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Date: December 2016
K&L Gates Publication
By: John D. Magnin, Raja Bose, Sacha M. Cheong, Christopher Tung, John Kelly, Jonathan Chan, Sean Kelsey, Patrycja Treder, Daniel Shum,   Hendrik Puschmann, Dr. Wojciech Sadowski, John C. Gilbert, Aloysius Chang, Johann von Pachelbel, William Ho, Ashish Chugh, Tobias Kopp

From the Editors

Welcome to this 33rd edition of Arbitration World.

To view Arbitration World, click here.

To download a printable PDF of the publication, open the link above and click on the fourth icon from the right in the magazine toolbar at the top of the page.

Following the United Kingdom’s referendum decision on 23 June to leave the EU, in this edition we examine how the uncertainty over the treatment of English court judgments by EU member state courts post-Brexit may shift the balance towards arbitration in London and consider what effect Brexit may have on investment treaty arbitration.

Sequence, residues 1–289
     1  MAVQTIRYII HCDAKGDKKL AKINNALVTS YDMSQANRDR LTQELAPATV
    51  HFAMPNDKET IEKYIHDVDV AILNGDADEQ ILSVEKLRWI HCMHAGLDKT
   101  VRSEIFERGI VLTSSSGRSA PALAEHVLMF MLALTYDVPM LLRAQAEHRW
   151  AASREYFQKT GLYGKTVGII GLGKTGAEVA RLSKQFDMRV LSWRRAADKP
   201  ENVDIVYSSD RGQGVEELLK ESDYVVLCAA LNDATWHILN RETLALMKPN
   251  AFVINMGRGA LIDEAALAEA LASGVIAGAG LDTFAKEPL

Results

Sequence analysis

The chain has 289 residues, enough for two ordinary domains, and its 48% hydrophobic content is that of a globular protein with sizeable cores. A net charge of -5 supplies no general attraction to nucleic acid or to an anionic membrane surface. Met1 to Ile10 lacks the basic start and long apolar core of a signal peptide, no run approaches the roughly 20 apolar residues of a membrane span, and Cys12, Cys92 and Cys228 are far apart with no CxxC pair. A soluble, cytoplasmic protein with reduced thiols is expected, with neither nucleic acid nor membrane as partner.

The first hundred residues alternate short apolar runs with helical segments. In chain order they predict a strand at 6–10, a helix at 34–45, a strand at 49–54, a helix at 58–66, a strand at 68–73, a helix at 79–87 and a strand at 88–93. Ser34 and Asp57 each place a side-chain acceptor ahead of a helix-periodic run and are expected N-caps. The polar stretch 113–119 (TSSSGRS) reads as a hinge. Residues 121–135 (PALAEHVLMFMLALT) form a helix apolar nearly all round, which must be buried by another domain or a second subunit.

We review the new Singapore International Arbitration Centre (SIAC) rules which came into effect in August 2016, and comment on the Singaporean government’s announcement of plans to reform the law on third-party funding of disputes, including in international arbitration. We report on the German Institution of Arbitration’s (DIS) forthcoming consultation into revision of its rules and summarise its proposed guiding principles.

We compare the different approaches of the major arbitral institutions to emergency and expedited arbitration, we comment on the recent decision of a Chinese court which refused to recognise an ICC arbitration award on public policy grounds, and we examine the costs consequences of commencing court proceedings in Australia in breach of an arbitration clause.

We review four recent decisions of the Swiss Supreme Court on the annulment or enforcement of arbitration awards. We also provide our usual update on developments from around the globe in international arbitration and investment treaty arbitration.

We hope you find this edition of Arbitration World of interest, and we welcome any feedback (e-mail ian.meredith@klgates.com or peter.morton@klgates.com).